The best cybersecurity system in the world isn’t worth a floppy disk if it can be defeated by a child’s birthday balloon.
And it probably can, according to Deviant Ollam, who’s plied his hacking skills for everyone from the FBI to the NSA. Ollam made a guest appearance for a roomful of University of Montana students in Sherri Davidoff’s Introduction to Cyber Security class on Thursday.
“Every building’s physical access is a data access,” said Ollam, who makes his living breaking into companies’ computers and the facilities that house them. “It’s fun to play an MP3 of the CEO talking to his wife or somebody and they say, ‘How’d you get through the PBX (phone security)? How’d you get into our network?’ I didn’t. I got through the door. One bad decision at Home Depot throws all that other stuff out the window.”
In rapid succession, Ollam demonstrated how to pick the key and combination locks found on most American doors and containers, using tools available commercially for a few dollars. To pop the lock most high school students have on their lockers, he fashioned a shim from a piece of an aluminum beer can in about 30 seconds.
Such tools are also legal in almost every state in the country. Most, including Montana, require suspicion of criminal activity before mere possession of a lock pick can become a chargeable crime.
That said, Ollam pointed out that UM has student policies forbidding stealing and unauthorized access to others’ belongings: “Bottom line, if you’re not supposed to be in there, you probably shouldn’t be picking your way in,” he warned.
And that was Ollam’s overriding point – not to encourage criminality, but to think differently about where the weak points of security exist. For example, thieves in Holland often ignore the heavy duty U-locks protecting people’s bikes to a sign post because they’ve already detached the screws holding the post to the ground. They simply remove the post, take the bike, work on the lock at leisure while waiting for another victim to lock another bike there.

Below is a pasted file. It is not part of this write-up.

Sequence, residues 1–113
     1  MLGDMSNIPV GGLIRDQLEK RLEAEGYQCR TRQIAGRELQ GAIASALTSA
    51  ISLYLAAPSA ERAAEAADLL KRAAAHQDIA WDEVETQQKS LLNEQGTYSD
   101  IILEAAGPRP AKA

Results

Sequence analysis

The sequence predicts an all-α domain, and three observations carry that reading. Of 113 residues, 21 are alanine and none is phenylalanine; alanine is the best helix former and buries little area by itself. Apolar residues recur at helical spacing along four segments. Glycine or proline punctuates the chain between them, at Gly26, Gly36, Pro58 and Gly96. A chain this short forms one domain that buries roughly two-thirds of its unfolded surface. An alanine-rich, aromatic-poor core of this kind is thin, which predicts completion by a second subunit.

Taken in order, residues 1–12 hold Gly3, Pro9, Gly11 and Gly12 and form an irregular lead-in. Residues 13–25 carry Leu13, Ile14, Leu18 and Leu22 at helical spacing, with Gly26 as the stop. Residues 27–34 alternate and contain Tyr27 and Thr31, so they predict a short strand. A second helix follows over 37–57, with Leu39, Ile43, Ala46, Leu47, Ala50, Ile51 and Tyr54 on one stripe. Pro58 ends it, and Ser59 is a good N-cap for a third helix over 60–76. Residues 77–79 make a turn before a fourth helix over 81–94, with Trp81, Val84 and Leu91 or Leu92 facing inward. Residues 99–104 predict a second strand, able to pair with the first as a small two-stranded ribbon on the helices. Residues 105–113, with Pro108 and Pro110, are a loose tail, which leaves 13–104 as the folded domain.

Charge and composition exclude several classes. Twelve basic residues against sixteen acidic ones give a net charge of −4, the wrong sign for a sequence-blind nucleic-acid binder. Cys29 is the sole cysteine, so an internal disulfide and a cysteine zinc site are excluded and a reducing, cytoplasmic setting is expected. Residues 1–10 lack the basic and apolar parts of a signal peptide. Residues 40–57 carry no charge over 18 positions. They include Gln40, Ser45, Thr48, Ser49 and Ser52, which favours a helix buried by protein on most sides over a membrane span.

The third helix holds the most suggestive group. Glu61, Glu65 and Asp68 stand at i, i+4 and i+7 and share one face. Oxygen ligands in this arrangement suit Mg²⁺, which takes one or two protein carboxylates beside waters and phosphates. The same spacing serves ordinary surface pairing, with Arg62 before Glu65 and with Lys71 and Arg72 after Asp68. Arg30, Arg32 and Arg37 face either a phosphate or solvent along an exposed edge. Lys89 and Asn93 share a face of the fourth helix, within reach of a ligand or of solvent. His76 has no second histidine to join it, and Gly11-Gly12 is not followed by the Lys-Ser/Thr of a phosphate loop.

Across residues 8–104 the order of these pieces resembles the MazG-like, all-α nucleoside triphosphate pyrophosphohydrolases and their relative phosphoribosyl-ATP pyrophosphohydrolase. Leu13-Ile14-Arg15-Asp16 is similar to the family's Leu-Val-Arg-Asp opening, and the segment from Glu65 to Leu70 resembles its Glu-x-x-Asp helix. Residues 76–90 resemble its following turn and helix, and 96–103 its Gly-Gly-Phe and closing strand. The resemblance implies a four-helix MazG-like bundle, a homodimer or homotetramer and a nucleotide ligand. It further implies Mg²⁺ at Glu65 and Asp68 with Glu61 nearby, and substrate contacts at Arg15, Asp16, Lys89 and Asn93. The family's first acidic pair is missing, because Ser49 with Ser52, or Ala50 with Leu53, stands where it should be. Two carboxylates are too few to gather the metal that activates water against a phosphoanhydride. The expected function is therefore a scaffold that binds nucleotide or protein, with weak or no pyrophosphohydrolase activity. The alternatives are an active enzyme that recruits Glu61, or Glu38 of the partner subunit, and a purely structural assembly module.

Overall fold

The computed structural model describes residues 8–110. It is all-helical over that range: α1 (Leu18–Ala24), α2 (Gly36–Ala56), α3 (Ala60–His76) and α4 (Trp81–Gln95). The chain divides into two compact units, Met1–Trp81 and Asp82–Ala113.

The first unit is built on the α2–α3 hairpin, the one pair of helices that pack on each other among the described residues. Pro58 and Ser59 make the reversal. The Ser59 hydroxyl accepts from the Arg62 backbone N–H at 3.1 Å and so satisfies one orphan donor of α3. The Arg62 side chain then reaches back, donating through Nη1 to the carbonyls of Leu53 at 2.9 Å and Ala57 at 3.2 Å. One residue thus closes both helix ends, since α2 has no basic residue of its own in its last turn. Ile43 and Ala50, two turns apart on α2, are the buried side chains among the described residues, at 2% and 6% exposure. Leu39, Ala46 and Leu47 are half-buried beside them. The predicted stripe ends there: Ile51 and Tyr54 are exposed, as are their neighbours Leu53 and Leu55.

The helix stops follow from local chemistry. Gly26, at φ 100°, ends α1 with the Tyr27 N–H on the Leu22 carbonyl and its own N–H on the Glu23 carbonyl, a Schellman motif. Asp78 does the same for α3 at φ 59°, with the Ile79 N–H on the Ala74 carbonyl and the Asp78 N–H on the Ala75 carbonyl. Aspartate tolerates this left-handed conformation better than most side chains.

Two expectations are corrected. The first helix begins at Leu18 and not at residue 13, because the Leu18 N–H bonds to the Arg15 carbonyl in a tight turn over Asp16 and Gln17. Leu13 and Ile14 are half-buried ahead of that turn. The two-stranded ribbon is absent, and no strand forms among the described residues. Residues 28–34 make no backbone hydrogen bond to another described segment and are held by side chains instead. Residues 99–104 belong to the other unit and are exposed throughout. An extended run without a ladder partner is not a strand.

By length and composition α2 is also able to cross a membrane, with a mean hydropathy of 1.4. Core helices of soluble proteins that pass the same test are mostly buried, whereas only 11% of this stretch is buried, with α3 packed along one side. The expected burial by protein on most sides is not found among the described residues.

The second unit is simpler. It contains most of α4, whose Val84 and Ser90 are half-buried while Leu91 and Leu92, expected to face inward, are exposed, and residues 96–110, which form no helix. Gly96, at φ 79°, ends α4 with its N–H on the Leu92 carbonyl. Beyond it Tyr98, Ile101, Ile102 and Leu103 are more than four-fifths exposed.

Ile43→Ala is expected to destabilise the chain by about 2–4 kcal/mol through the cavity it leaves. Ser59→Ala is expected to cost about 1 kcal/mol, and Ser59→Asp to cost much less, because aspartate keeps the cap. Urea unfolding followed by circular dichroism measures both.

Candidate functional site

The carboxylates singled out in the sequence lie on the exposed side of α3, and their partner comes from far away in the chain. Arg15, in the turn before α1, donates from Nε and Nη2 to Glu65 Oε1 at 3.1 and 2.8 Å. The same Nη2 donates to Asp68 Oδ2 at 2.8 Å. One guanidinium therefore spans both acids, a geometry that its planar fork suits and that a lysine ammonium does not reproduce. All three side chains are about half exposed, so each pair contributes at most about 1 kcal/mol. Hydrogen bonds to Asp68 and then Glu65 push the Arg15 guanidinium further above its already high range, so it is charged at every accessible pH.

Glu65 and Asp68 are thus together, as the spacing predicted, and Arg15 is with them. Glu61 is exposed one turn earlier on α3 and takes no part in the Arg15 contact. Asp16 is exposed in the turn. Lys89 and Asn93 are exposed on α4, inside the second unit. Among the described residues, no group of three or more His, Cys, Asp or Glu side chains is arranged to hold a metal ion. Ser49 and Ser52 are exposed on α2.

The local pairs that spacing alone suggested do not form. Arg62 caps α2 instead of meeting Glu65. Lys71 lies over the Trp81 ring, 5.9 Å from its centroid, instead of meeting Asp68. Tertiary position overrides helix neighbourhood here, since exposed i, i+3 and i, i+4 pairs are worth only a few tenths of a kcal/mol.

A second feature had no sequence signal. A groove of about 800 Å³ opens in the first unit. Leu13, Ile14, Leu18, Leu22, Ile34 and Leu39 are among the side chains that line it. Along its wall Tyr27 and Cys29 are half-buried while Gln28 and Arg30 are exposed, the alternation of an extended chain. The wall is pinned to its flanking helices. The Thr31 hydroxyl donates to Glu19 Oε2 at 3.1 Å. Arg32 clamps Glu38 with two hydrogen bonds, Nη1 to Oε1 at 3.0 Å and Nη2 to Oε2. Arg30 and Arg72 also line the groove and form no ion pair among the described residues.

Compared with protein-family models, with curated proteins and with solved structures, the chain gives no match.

“The pin-tumbler design on most door locks hasn’t changed for over a century,” Ollam said. “The idea that you can game a lock with a piece of beer can – that’s not how people’s brains work. We love shattering that illusion.”
More complicated door systems often have embarrassing weaknesses. For instance, electronic key-card systems fall to a simple hook-and-pole device if the door is locked from the outside but openable from the inside. Motion-sensor locks can be defeated by a balloon slipped under the doorjamb and inflated with helium – disposable gas tanks are available at party stores for children’s birthday parties.
“This is the first time we’ve ever run this class,” Davidoff said. “The university has been great. They set up a cyber range — an isolated sandbox where the students can practice and learn about cybersecurity.”
After his prepared remarks, Ollam dumped piles of locks and picks on a table at the front of the class and invited students to give it their best shots. Quite a few popped the easy locks in seconds and moved on to tougher challenges.
“The hardest lock I ever picked was my bike lock, and I had to use a shim,” senior computer science student Alex Dunn said as he worked on a pin-and-tumbler key lock. “I’m interested in all forms of security.”